Figure 1: Patient positioning for block administration

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Figure 2: Thoracic spinous processes marked along with medial border of scapula

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Figure 3: Spinous process of T8 in midline to identify target level for erector spinae plane

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Figure 4: Ultrasound probe moved laterally to demonstrate deeper, more rectangular appearance of transverse processes

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Figure 5: Ultrasound scanning lateral to transverse processes demonstrating rounder and more superficial appearance of ribs

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Figure 6: Anatomical location of transverse processes delineating injection site

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At the terminus of the placement of the brachial plexus catheter, we reassessed her level of posterior thoracic pain prior to the commencement of her surgical procedure. She was quite pleased as she indicated her pain at rest (static pain) had dropped to a 0 or 1 and that her pain with scapular range-of-motion (dynamic pain) had likewise dropped to a 0 or 1. She went on to inform us that she had not been this comfortable since prior to her injury 4 years ago. She underwent arthroscopic scapulothoracic bursectomy with subacromial steroid injection under general anesthesia. She required no opioid medication throughout her entire perioperative stay at our facility and none in her immediate postoperative period; she was quite pleased with the block.

A cursory investigation of recent literature in regional anesthesia demonstrates an avid interest in the introduction and application of intermuscular plane blocks. More recent forays into this area uncover a growing interest in plane blocks that afford paravertebral spread providing truncal blockade such as the quadratus lumborum block[1] and the described ESP blocks,[2] akin to a “poor man's neuraxial/paravertebral.” Part of what makes these blocks so attractive is the ability to provide somatic and visceral analgesia while mitigating much of the risk and concern with neuraxial or paravertebral techniques. Additionally, the risk profile and labor-intensive nature of paravertebral or neuraxial techniques may be seen as excessive for same-day or outpatient procedures – a niche that would seem very attractive for the employment of a safer plane block with some paravertebral spread.

Forero et al.[2] originally described the ESP with regard to the treatment of chronic thoracic pain; however, more recent articles showcase this block finding application for neuropathic pain stemming from herpes zoster,[3] for analgesia in thoracic procedures and in rib fractures,[4] and also in surgical procedures involving the breast.[5],[6] The ESP affords both somatic and visceral analgesia by the spread of local anesthetic into the paravertebral and intercostal spaces. While we have placed a handful of ESP catheters for patients with chronic pain with good results, at the time of this writing, we are unaware of any large prospective trials demonstrating their efficacy; as such, more work needs to be done in this area.

What made the ESP so attractive in our particular case was that we had a patient with an established history of moderate-to-severe pain presenting for a same-day procedure. While a paravertebral or neuraxial technique may have been considered the gold standard, as previously mentioned, we felt this posed unnecessary risk and labor requirements for the expeditious nature of her procedure. An additional point of consideration (though not employed in this particular case) is that we could have potentially tried to place an indwelling catheter that she could go home with – though the relatively subcutaneous nature of the block location may predispose to catheter dislodgement.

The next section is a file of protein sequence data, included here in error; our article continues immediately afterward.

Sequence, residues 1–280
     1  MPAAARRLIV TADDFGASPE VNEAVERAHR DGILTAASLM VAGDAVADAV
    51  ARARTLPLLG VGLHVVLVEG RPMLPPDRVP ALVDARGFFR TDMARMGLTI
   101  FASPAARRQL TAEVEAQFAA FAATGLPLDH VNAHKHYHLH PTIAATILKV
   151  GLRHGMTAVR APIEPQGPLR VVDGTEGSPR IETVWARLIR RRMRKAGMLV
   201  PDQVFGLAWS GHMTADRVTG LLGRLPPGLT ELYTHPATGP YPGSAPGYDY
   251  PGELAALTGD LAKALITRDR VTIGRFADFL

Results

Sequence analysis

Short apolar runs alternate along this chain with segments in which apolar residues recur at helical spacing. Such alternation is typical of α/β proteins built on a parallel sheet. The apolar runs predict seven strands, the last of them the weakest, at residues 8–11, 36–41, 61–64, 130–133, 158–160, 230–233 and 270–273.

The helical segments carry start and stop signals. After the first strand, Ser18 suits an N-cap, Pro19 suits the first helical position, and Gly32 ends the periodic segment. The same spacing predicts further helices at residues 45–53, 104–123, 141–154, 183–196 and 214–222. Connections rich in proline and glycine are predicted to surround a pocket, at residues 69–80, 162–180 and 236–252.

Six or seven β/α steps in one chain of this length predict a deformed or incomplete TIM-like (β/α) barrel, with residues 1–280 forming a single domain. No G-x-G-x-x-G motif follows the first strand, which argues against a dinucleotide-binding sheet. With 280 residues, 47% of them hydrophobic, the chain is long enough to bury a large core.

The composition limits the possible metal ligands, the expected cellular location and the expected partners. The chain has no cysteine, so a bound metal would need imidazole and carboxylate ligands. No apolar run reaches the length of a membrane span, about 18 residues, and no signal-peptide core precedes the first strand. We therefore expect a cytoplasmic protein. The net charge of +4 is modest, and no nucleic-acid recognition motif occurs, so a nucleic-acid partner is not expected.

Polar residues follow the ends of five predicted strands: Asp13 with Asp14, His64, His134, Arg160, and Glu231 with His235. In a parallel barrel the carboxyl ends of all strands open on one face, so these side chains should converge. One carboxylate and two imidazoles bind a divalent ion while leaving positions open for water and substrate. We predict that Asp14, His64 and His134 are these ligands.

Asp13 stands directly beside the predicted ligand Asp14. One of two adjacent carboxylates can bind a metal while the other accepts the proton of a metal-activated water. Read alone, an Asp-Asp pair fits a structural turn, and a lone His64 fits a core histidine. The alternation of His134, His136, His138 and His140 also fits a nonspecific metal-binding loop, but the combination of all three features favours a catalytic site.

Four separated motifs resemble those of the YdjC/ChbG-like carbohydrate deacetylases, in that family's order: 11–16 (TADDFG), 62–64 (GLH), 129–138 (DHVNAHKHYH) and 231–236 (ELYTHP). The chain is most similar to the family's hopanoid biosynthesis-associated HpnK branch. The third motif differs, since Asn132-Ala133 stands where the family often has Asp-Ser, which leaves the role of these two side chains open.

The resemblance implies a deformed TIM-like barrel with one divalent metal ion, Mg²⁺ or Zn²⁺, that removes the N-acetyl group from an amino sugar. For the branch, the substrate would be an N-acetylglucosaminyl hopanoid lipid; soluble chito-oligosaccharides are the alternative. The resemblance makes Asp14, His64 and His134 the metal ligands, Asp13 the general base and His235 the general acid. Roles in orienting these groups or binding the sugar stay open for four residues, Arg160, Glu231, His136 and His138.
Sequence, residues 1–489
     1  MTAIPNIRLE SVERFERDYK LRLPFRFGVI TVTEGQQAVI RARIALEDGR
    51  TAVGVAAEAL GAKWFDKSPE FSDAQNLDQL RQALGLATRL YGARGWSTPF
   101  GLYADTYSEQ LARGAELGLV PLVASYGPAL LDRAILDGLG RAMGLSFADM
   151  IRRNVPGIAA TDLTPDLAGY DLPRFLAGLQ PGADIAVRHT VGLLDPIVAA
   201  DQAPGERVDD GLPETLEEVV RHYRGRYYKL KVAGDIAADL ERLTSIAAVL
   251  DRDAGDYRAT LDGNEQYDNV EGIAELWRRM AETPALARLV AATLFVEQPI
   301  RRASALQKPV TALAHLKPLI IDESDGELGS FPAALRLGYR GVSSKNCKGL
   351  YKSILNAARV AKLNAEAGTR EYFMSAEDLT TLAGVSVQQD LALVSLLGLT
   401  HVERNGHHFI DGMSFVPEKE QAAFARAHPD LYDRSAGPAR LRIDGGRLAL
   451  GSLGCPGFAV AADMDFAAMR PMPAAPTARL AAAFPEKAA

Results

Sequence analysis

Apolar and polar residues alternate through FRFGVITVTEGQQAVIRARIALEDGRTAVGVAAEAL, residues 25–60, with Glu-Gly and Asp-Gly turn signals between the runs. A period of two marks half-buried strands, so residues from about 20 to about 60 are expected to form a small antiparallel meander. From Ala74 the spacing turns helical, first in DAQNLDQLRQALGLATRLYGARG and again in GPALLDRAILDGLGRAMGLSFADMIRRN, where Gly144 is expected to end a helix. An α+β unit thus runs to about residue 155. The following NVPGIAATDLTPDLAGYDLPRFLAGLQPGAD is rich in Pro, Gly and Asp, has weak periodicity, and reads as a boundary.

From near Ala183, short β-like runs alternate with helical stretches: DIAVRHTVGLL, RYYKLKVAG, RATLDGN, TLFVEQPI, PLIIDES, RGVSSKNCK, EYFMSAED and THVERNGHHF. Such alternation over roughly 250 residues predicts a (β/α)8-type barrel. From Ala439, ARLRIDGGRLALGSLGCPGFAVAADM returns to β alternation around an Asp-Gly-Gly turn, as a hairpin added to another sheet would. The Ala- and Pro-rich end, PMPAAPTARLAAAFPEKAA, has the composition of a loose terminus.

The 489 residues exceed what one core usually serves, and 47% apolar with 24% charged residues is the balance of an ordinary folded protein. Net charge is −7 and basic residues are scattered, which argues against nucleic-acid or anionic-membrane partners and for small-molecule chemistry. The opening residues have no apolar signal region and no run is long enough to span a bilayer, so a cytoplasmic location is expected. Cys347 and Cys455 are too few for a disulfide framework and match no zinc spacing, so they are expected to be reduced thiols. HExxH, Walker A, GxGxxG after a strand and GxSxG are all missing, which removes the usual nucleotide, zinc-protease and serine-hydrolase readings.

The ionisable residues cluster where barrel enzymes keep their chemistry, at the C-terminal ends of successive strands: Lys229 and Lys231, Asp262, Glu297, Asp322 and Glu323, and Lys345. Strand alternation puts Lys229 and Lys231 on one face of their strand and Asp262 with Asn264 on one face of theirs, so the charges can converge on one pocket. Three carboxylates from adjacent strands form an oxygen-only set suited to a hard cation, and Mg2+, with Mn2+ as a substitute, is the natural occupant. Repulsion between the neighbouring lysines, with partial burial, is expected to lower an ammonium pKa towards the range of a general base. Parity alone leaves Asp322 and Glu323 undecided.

While clearly more work needs to be done to define the exact location of spread of local anesthetic in the ESP block and thus more precise indications for the block, early results are very promising. While we recognize the great work that has been done by our predecessors with regard to breast and thoracic analgesia, we are not aware of any reports relating the application of a truncal block for scapular or orthopedic surgery in general as is described here. However, we advise caution extrapolating the information in our report to other applications of the ESP. Though the subscapular area is a relatively “deep” space, it is still considered to lie outside the thoracic cavity, and thus conclusions cannot be drawn about its efficacy in other scenarios.

Declaration of patient consent

The authors certify that they have obtained all appropriate patient consent forms. In the form the patient(s) has/have given his/her/their consent for his/her/their images and other clinical information to be reported in the journal. The patients understand that their names and initials will not be published and due efforts will be made to conceal their identity, but anonymity cannot be guaranteed.

Financial support and sponsorship


Conflicts of interest

There are no conflicts of interest.

  References Top

Dam M, Moriggl B, Hansen C, Hoermann R, Bendtsen T, Børglum J. The pathway of injectate spread with the transmuscular quadratus lumborum block: A cadaver study. Anesth Analg 2017;125:303-12.  Back to cited text no. 1
Forero M, Adhikary SD, Lopez H, Tsui C, Chin KJ. The erector spinae plane block: A novel analgesic technique in thoracic neuropathic pain. Reg Anesth Pain Med 2016;41:621-7.  Back to cited text no. 2
Ahiskalioglu A, Alici H, Ari M. Ultrasound guided low thoracic erector spinae block for management of acute herpes zoster. J Clin Anesth 2018;45:60-1.  Back to cited text no. 3
Hamilton D, Manickam B. Erector spinae block for pain relief in rib fractures. Br J Anaesth 2017;118:474-5.  Back to cited text no. 4
Bonvicini D, Tagliapietra L, Giacomazzi A, Pizzirani E. Bilateral ultrasound-guided erector spinae plane blocks in breast cancer and reconstruction surgery. J Clin Anesth 2018;44:3-4.  Back to cited text no. 5
Ohgoshi Y, Ikeda T, Kurahashi I. Continuous erector spinae block provides effective perioperative analgesia for breast reconstruction using tissue expanders: A report of two cases. J Clin Anesth 2018;44:1-2. [Figure 1]: Patient positioning for block administration [Figure 2]: Thoracic spinous processes marked along with medial border of scapula [Figure 3]: Spinous process of T8 in midline to identify target level for erector spinae plane [Figure 4]: Ultrasound probe moved laterally to demonstrate deeper, more rectangular appearance of transverse processes [Figure 5]: Ultrasound scanning lateral to transverse processes demonstrating rounder and more superficial appearance of ribs [Figure 6]: Anatomical location of transverse processes delineating injection site  Back to cited text no. 6


  [Figure 1], [Figure 2], [Figure 3], [Figure 4], [Figure 5], [Figure 6]